Army vet needs service dog

Published 5:56 pm Tuesday, June 5, 2018

Erin Crawford served her country in the United States Army for six years.

Today, she suffers from post-traumatic stress disorder that manifests as agoraphobia, with severe social anxiety and acute anxiety in specific situations such as riding in traffic, due to experiences during deployment.

Crawford is originally from San Antonio and joined the Army as an 88M or heavy wheeled operator.

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“My first unit was the 40th Transportation Co., out of Fort Lewis, Wash.,” she said. “From there, I went to Iraq from January to December of 2005. Came back and switched over to the 497th Transportation Co., and went back out July 2006-July 2007; transferred to the 1st Calvary in Fort Hood, Texas and deployed back to Iraq in January 2009 until September, when I was medevaced back. I was medically retired in August 2010.”

To help with her PTSD, Crawford has used a service dog to help her, but after the death of her service dog in September, she now is working to get a puppy to bond with and train with a PTDS/TBI service dog that will specifically alert for impending migraines and panic attacks, with long-term training and care costs covered by Crawford.

Crawford said the VA does not provide service dogs, but will provide vet care after a veteran receives a service dog.

Crawford also suffers from mild traumatic brain injury.

“With the mild TBI, I get migraines that cause me to go blind in my left eye,” she said. “Some months, I can go the whole month without a migraine, but progressively I have been experiencing these migraines almost continually. They can last from 45 minutes to several days at a time, and I have had entire weeks wiped out with them. I also have degenerative disc disorder, which limited my ability to move quickly sometimes, and standing up can be especially hard.”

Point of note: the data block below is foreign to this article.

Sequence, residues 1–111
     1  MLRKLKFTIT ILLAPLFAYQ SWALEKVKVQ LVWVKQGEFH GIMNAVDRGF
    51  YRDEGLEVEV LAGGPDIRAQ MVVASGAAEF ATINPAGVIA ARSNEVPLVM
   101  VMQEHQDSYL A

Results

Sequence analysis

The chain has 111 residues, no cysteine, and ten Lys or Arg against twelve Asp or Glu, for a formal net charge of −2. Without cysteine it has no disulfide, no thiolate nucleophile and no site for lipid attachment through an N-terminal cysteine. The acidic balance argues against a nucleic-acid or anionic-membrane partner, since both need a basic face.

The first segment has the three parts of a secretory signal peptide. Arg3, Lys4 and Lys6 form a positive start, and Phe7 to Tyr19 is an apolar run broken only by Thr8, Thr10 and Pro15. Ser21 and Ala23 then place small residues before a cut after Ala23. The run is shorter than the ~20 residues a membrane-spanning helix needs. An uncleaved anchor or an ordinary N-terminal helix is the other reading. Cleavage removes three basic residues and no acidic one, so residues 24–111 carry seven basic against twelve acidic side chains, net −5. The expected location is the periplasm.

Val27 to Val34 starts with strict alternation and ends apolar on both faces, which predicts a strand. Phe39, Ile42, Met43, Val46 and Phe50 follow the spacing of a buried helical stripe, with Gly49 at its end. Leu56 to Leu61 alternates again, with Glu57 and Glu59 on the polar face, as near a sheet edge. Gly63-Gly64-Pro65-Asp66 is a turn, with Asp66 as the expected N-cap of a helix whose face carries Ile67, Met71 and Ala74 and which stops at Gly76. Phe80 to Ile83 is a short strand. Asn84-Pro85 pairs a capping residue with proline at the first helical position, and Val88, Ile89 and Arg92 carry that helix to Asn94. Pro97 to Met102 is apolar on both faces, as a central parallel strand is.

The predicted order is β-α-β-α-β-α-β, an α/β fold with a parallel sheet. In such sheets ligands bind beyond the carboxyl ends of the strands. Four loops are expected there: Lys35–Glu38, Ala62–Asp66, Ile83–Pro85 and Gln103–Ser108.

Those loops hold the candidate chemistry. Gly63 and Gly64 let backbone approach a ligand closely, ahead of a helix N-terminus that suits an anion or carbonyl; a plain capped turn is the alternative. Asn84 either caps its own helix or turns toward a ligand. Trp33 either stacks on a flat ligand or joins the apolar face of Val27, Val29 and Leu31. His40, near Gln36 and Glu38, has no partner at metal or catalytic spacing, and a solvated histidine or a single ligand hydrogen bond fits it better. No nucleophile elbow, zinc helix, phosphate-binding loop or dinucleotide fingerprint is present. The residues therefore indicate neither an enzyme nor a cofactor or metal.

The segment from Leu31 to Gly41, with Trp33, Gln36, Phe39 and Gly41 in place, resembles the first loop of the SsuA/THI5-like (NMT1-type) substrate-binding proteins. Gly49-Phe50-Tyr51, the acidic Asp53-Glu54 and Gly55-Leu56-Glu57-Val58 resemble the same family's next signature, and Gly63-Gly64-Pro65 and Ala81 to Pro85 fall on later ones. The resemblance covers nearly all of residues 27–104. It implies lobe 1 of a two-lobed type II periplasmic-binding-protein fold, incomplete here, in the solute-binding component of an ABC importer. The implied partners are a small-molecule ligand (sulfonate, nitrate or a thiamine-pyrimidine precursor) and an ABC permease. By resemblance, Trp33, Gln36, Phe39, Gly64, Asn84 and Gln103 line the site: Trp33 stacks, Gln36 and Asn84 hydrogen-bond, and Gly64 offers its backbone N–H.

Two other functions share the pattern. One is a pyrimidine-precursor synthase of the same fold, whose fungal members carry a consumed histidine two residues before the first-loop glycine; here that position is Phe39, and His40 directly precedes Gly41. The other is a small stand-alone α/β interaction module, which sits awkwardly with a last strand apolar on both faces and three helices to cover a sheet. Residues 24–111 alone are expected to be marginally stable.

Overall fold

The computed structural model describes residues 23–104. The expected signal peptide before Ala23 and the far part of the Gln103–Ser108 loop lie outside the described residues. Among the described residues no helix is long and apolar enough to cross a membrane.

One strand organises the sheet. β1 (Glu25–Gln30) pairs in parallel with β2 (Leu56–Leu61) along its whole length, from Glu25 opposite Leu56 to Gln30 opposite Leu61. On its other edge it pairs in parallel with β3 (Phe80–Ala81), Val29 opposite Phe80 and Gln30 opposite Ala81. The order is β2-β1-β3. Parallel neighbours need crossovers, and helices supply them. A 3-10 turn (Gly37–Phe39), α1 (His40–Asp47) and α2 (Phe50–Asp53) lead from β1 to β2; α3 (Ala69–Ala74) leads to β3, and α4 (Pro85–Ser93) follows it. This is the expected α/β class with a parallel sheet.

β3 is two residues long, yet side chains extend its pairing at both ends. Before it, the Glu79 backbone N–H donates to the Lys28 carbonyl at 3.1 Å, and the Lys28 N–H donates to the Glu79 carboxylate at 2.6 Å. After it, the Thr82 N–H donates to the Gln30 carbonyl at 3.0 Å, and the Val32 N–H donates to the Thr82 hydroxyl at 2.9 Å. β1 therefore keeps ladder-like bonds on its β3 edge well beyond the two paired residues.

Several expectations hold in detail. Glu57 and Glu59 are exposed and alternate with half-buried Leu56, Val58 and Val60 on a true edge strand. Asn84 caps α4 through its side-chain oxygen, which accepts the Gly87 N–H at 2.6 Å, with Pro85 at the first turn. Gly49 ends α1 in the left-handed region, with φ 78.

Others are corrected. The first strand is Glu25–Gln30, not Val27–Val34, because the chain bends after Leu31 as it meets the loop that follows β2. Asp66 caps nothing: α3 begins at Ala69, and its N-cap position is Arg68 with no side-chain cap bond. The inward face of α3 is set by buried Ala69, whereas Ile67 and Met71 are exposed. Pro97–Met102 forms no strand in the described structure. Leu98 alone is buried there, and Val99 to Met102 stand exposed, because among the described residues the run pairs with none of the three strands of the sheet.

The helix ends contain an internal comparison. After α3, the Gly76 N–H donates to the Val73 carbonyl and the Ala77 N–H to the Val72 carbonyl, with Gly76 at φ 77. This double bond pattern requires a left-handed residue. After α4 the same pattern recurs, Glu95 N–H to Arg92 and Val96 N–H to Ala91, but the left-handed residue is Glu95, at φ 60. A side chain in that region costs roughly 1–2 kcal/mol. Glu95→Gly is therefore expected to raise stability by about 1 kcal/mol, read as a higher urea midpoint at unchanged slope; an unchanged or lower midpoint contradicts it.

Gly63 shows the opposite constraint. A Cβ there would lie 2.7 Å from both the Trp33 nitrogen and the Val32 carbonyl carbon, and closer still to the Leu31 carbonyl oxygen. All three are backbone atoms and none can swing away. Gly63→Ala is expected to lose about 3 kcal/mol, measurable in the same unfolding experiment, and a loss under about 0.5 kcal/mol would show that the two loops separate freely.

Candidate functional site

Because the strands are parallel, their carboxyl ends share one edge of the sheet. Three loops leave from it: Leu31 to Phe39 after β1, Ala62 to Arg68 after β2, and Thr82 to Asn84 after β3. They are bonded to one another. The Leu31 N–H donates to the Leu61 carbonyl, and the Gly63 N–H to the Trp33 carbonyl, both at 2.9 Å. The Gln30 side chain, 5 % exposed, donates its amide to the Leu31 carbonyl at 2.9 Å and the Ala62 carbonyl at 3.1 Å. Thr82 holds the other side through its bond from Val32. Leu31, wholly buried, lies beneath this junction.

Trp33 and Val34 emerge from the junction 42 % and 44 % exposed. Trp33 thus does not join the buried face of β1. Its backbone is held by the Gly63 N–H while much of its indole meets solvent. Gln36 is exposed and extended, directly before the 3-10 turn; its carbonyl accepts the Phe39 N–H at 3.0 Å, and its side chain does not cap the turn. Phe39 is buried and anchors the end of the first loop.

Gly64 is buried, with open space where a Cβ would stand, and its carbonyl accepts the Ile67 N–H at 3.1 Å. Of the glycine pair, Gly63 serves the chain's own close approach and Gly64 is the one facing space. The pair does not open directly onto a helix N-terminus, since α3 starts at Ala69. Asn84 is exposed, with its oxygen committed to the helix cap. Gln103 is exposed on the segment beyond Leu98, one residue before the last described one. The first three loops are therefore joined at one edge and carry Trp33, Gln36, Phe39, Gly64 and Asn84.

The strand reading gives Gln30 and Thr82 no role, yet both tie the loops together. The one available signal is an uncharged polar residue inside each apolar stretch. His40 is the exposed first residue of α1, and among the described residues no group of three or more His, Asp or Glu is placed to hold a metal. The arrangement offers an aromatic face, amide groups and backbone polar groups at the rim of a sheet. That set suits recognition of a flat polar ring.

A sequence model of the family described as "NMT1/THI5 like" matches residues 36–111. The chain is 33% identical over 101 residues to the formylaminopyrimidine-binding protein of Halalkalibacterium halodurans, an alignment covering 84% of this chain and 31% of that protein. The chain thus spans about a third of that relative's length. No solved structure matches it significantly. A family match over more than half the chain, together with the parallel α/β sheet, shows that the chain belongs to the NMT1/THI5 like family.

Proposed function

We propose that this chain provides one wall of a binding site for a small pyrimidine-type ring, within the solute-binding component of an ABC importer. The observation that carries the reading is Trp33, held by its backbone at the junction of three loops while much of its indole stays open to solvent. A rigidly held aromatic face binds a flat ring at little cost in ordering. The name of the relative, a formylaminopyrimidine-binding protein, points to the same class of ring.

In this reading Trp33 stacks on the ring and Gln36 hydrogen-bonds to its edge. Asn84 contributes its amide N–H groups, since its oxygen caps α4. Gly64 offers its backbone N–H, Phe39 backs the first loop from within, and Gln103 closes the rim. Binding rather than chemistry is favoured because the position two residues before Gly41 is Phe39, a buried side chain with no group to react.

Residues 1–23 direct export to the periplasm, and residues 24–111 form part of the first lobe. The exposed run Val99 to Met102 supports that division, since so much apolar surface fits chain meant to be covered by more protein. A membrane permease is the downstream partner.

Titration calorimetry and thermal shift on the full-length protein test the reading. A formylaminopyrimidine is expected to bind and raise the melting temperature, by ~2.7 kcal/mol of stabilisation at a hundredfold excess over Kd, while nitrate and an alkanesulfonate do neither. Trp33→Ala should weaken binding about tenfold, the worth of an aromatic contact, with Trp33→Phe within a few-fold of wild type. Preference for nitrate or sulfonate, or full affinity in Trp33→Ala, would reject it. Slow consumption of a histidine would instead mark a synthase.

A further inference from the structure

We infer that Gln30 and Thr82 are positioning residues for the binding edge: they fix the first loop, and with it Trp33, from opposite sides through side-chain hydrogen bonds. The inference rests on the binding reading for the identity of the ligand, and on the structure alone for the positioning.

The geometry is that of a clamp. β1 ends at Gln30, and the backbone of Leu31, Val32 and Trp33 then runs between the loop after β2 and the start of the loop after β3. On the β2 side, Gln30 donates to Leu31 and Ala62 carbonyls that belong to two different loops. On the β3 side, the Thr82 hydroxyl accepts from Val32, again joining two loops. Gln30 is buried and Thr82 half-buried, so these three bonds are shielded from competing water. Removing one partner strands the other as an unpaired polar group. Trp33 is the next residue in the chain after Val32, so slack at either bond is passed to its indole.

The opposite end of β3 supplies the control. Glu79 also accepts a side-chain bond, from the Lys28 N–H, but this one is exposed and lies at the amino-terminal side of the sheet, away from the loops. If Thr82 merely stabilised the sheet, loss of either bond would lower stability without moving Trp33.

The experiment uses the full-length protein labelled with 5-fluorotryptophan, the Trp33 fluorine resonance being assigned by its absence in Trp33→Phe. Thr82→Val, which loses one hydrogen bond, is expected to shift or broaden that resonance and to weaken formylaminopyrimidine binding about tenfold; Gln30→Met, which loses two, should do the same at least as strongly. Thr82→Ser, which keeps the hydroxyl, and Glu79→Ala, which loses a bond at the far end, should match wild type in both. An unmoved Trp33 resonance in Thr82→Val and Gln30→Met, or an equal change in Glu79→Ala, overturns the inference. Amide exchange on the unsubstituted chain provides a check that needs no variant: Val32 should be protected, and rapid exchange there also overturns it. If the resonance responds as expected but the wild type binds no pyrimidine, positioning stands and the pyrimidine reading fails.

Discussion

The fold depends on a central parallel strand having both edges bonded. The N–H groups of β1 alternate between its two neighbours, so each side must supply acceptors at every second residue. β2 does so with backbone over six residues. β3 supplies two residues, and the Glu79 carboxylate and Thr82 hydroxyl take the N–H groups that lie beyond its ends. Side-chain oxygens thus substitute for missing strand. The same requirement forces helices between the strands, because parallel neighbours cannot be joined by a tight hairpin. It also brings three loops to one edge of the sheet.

Crawford said a service dog enables her to first know that an anxiety attack or migraine is imminent, so she can prepare or prevent accordingly.

“My first service dog was given through a veteran’s organization that did not properly train and he was not adequately screen for temperament or health,” she said. “This lead to him working for less than two years. I retired him at that point and loved and cared for him through health issues until he died from cancer in September. I feel I am ready for another service dog, this time having done research on which breed, temperament, and characteristics would fit. I am asking for donations to go toward the purchase price of the puppy, transportation costs, and initial training supplies.”

Crawford said she has been searching for a service dog through several organizations for several years.

Currently, Crawford is working to raise $6,000. She has a gofundme account set up for those who wish to help her.

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